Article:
Random Questions on General Physics

  • #1
I don't understand, if everything in this world is relative to something else, then cannot we essentially say that nothing exists independently? We say that the universe is considered to be the ultimate 'background'. However, if we say it is expanding, shouldn't it be expanding relative to something?
 

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  • #2
ZapperZ
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I don't understand, if everything in this world is relative to something else, then cannot we essentially say that nothing exists independently? We say that the universe is considered to be the ultimate 'background'. However, if we say it is expanding, shouldn't it be expanding relative to something?

I'll answer your last question first. It is expanding relative to EVERYTHING.

Secondly, the word "relative" is used simply to indicate that there are things define relative to some frame. But here, you are also missing several parts of physics in which things are NOT relative. The speed of light isn't relative because it is a constant all the time in vacuum. There are also convariant/invariant forms and quantities that do not change in value.

But what is overlooked here is that even though things are relative, we and are fully aware how they are relative to. This is because we can easily transform our knowledge to whatever frame we want to be in (other than a frame at speed c). In other words, there is no ambiguity. A particle moving at v=0.9c can be easily studied without any vagueness, and I can cite its mass and no one will ask me "relative to what?" Look at the Particle Data Book if you don't believe me.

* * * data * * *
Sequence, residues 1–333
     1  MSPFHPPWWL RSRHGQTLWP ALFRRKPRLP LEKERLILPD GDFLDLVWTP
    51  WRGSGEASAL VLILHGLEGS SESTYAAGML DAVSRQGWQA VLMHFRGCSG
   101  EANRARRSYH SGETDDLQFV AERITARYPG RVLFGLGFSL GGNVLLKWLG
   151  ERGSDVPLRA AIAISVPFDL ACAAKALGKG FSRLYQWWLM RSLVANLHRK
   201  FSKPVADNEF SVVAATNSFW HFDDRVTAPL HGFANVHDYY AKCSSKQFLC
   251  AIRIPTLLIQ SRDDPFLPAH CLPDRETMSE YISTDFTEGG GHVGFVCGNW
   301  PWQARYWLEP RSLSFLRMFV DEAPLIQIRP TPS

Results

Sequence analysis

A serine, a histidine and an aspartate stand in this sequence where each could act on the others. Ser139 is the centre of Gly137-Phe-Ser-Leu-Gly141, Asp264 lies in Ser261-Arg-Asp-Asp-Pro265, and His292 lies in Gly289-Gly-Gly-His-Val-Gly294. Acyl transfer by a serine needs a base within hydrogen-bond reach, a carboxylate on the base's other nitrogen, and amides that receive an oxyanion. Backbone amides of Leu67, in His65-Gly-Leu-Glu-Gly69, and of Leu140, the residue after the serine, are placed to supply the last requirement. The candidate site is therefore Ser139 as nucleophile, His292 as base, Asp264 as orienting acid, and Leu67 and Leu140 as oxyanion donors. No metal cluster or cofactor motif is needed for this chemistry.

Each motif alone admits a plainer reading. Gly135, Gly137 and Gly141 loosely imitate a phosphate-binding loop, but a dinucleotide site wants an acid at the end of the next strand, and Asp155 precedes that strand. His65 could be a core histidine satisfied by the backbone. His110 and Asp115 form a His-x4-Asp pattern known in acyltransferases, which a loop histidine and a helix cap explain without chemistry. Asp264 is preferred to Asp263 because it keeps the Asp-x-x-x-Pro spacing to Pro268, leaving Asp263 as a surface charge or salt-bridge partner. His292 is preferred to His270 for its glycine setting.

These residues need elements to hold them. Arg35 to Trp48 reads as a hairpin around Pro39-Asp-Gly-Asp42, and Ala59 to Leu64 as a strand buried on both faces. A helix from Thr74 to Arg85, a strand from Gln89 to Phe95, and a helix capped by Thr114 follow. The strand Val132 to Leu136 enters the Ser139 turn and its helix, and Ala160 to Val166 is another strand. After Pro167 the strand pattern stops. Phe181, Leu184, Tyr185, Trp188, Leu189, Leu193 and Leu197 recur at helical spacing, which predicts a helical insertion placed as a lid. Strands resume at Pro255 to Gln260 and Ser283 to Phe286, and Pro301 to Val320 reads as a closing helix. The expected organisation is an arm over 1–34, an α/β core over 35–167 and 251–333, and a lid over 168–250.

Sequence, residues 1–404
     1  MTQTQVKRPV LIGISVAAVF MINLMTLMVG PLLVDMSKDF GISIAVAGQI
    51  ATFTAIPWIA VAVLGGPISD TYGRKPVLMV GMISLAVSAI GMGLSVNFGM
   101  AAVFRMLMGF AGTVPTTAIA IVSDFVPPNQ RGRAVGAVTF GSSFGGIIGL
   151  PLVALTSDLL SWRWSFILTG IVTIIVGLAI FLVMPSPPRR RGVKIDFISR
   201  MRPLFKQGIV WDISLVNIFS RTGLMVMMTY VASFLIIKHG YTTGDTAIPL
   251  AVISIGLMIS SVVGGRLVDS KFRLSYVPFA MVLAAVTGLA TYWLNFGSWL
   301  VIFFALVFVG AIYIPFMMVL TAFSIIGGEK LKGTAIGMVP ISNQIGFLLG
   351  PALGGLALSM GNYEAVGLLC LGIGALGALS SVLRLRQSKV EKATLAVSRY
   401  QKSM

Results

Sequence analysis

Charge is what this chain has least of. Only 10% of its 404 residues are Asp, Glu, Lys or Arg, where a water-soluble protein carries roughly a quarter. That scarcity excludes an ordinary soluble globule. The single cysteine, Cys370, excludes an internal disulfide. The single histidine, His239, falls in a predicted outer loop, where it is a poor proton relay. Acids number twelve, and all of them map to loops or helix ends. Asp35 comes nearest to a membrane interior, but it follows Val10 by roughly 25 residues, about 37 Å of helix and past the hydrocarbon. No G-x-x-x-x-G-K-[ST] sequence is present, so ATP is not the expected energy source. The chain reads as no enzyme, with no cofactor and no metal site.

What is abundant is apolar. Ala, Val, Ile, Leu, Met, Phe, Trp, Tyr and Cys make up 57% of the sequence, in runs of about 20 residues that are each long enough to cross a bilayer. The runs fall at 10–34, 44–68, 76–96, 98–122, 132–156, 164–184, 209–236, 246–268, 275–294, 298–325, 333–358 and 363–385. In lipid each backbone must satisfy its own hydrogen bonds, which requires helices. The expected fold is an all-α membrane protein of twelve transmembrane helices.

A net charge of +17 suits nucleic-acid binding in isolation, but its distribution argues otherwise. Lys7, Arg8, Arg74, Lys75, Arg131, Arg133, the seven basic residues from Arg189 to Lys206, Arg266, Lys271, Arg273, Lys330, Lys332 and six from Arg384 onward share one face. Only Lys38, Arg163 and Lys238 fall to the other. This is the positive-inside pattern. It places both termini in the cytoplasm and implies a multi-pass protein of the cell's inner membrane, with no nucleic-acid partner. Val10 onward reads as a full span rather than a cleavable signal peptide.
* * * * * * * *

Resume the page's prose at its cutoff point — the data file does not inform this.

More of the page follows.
Zz.
 
  • #3
Drakkith
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I don't understand, if everything in this world is relative to something else, then cannot we essentially say that nothing exists independently? We say that the universe is considered to be the ultimate 'background'. However, if we say it is expanding, shouldn't it be expanding relative to something?

To elaborate on the last question, the expansion of the universe is measured and described as distances between all unbound objects increasing over time. On the scale of galaxy clusters and larger, the force of gravity is too weak to hold them together against expansion, so over time the distance between galaxy clusters and superclusters increases over time. Within galaxy clusters gravity is strong enough so that expansion does no take place. So as ZapperZ said, the expansion is relative to everything.
 

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